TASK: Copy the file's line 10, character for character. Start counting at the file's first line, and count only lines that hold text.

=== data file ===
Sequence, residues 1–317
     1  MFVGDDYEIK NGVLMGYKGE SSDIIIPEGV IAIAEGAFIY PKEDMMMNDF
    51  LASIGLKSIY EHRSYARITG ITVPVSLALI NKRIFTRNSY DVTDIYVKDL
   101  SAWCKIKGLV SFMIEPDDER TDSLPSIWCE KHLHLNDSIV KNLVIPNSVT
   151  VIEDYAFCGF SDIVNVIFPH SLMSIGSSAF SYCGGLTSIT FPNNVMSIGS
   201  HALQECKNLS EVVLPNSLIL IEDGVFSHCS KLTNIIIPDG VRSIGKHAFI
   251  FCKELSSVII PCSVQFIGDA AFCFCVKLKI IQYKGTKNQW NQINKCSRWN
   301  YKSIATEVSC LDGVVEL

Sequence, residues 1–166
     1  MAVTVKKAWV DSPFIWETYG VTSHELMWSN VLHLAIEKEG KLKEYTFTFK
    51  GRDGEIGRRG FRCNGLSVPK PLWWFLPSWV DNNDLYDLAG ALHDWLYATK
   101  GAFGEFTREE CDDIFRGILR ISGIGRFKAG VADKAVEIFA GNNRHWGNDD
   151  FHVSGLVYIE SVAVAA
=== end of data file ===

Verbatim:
     1  MAVTVKKAWV DSPFIWETYG VTSHELMWSN VLHLAIEKEG KLKEYTFTFK